To investigate the protein composition of a fibrin clot, in vitro plasma clots were made by adding CaCl2, thrombin and aprotinin to platelet-poor citrated plasma. Unbound proteins were washed away and non-covalently bound proteins were extracted, separated with 2D gel electrophoresis and visualized with Sypro Ruby (Figure 1A). Spots that were identified using mass spectrometry were reproducibly detected in at least 7 out of 10 2D gels. The high-abundant protein spots (spots 7, 8 and 15) were analyzed with MALDI-ToF mass spectrometry and the other protein spots were analyzed with nanoflow LC-MS/MS. This resulted in the identification of 18 different proteins that were present in a plasma clot. Detailed information from Mascot analysis is shown in table 1. Several of the proteins identified were not previously described as plasma clot components including α2-macroglobulin, carboxypeptidase N (CPN), α1-antitrypsin, haptoglobin, serum amyloid P and the apolipoproteins A-I, A-IV, E and J. The latter six proteins are associated with the HDL particle. In addition we identified proteins that have previously been described as fibrin clot-bound proteins, including fibronectin, plasminogen, factor XIII, HFREP-1, actin and thrombin.

Figure 1. An overview of non-covalently fibrin clot-bound plasma proteins.

Plasma clots were made by adding CaCl2, thrombin and aprotinin to platelet-poor citrated normal plasma, unbound proteins were washed away and bound proteins were extracted. These proteins were separated with 2D gel electrophoresis and visualized by Sypro Ruby. A) The numbers and arrows indicate the protein spots that were excised from gel and analyzed with mass spectrometry. B) The trains of spots that resemble the same protein are indicated by white ellipses. They include: fibronectin (I), α2-macroglobulin (II, III and VIII), plasminogen (IV), FXIII A chain (V), albumin (VI), α1-antitrypsin (VII), apolipoprotein J (IX), apolipoprotein E, HFREP-1 (X) and apolipoprotein A-I (XI). C) A zoomed image of the 2D gel with a lower fluorescent signal. The isoforms of α1-antitrypsin (A), apolipoprotein J (B) and apolipoprotein A-I (C) are indicated by white ellipses.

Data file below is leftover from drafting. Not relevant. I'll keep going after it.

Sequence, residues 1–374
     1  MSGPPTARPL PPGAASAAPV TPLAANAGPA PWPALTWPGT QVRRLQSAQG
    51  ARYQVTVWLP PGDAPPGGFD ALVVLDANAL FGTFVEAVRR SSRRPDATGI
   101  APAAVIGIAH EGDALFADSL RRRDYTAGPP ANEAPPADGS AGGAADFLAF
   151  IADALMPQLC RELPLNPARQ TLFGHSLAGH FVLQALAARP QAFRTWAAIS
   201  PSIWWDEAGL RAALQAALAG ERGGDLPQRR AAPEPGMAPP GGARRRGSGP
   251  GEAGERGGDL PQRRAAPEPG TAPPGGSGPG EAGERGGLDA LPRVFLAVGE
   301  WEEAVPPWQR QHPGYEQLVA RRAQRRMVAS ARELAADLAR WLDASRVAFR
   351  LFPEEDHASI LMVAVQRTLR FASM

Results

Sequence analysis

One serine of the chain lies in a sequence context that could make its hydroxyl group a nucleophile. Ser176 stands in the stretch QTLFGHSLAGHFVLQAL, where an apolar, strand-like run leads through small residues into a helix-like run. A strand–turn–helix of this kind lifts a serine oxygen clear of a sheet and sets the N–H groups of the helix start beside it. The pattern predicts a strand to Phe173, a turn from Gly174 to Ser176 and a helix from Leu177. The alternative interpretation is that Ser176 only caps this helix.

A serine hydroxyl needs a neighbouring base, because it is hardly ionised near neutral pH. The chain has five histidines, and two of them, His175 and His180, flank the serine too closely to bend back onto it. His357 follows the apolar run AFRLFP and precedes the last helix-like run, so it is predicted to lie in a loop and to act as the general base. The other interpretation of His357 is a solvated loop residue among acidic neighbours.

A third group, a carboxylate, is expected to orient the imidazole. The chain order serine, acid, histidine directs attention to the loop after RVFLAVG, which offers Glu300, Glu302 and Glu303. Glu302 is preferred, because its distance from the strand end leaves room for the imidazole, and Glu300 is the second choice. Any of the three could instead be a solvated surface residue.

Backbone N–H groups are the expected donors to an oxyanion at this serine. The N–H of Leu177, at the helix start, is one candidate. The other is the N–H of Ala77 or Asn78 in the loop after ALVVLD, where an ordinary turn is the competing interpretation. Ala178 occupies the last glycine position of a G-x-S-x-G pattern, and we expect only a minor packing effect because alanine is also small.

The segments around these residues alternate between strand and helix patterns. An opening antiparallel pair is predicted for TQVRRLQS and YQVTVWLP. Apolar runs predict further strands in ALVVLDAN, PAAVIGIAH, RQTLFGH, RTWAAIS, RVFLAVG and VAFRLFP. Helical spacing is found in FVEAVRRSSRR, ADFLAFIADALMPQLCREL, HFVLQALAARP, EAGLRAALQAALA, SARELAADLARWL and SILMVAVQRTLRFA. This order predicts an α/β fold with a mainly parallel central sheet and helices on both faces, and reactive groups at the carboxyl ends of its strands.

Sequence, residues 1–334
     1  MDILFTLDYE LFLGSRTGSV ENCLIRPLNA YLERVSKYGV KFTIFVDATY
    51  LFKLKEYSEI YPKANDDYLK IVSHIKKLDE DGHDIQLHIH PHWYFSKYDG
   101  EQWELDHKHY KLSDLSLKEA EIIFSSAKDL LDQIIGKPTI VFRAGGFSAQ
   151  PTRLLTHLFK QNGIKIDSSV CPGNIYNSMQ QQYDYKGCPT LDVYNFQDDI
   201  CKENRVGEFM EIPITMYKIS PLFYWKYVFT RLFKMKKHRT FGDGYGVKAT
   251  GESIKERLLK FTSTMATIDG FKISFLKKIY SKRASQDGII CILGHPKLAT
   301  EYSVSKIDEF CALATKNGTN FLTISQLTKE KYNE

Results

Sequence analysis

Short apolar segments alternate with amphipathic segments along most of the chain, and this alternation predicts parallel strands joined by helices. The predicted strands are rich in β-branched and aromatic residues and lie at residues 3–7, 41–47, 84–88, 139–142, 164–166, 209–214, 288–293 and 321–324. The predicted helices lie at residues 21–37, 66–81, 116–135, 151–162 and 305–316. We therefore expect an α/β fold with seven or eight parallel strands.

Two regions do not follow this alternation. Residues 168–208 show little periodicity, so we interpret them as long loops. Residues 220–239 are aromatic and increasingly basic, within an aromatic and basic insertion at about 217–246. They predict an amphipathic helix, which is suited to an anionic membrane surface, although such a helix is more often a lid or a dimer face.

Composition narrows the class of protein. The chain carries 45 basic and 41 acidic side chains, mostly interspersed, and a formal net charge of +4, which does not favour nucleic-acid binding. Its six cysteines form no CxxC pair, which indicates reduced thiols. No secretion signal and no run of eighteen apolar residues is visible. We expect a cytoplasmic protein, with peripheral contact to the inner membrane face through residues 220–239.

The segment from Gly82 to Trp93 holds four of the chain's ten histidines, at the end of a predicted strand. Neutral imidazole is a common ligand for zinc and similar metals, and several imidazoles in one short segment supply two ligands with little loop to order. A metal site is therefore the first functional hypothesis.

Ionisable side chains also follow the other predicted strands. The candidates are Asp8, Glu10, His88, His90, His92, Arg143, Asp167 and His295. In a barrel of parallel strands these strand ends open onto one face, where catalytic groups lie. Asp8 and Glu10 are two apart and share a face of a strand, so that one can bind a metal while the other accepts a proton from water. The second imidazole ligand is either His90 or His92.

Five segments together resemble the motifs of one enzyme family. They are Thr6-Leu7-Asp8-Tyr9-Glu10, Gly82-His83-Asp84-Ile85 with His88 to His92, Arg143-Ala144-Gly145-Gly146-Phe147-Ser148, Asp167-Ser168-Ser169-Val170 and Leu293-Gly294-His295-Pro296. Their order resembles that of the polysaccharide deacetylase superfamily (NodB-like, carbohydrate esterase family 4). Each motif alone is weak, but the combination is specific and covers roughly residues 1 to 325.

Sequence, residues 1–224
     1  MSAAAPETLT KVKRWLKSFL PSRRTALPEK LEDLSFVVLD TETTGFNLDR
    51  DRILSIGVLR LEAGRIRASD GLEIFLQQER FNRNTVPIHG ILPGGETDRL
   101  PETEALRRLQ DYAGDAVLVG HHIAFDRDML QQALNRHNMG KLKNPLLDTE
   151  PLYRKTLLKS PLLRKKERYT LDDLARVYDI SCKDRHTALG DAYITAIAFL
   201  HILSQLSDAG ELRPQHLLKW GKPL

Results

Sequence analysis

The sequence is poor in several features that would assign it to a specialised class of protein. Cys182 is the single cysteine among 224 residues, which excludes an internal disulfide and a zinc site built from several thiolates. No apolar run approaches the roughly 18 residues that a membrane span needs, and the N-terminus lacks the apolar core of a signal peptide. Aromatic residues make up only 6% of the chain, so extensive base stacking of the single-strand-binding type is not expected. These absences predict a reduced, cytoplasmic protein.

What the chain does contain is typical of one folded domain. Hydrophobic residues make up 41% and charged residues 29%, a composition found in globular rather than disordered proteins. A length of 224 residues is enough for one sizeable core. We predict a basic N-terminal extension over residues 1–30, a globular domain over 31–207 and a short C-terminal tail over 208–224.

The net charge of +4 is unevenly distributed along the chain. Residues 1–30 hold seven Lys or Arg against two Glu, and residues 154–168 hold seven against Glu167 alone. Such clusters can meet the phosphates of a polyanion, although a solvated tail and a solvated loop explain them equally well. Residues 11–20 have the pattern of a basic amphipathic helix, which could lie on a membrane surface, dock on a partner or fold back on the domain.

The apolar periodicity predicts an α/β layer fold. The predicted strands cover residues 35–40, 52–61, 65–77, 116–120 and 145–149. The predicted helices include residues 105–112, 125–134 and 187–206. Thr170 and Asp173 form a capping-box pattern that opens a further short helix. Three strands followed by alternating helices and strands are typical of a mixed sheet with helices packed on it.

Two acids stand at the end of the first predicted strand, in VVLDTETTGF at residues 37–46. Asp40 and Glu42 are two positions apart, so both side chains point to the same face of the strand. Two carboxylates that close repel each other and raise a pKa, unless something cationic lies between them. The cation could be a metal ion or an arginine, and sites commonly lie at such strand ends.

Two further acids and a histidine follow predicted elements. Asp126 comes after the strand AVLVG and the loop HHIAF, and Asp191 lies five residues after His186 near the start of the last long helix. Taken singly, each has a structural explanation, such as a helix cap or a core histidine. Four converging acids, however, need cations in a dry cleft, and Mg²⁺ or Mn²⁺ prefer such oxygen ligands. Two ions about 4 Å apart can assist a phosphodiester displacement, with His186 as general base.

The majority of the identified spots belong to a train of spots, as is seen for example for protein spot 4 in figure 1A. These trains most likely represent different isoforms of the same protein. On the basis of multiple mass spectrometry analyses of different spots from different gels we identified several trains of spots (figure 1B). To visualize low-abundant fibrin clot-bound proteins on the 2D gel, the laser intensity in figure 1A was set high. The disadvantage of the resulting high fluorescent signal was that the high-abundant proteins displayed a saturated signal. Therefore we show in figure 1C a zoomed image of the high-abundant proteins with a lower fluorescent signal. Although α1-antitrypsin (spot A in figure 1C) mainly varied in its isoelectric point, several minor species with higher and lower molecular mass were also detected.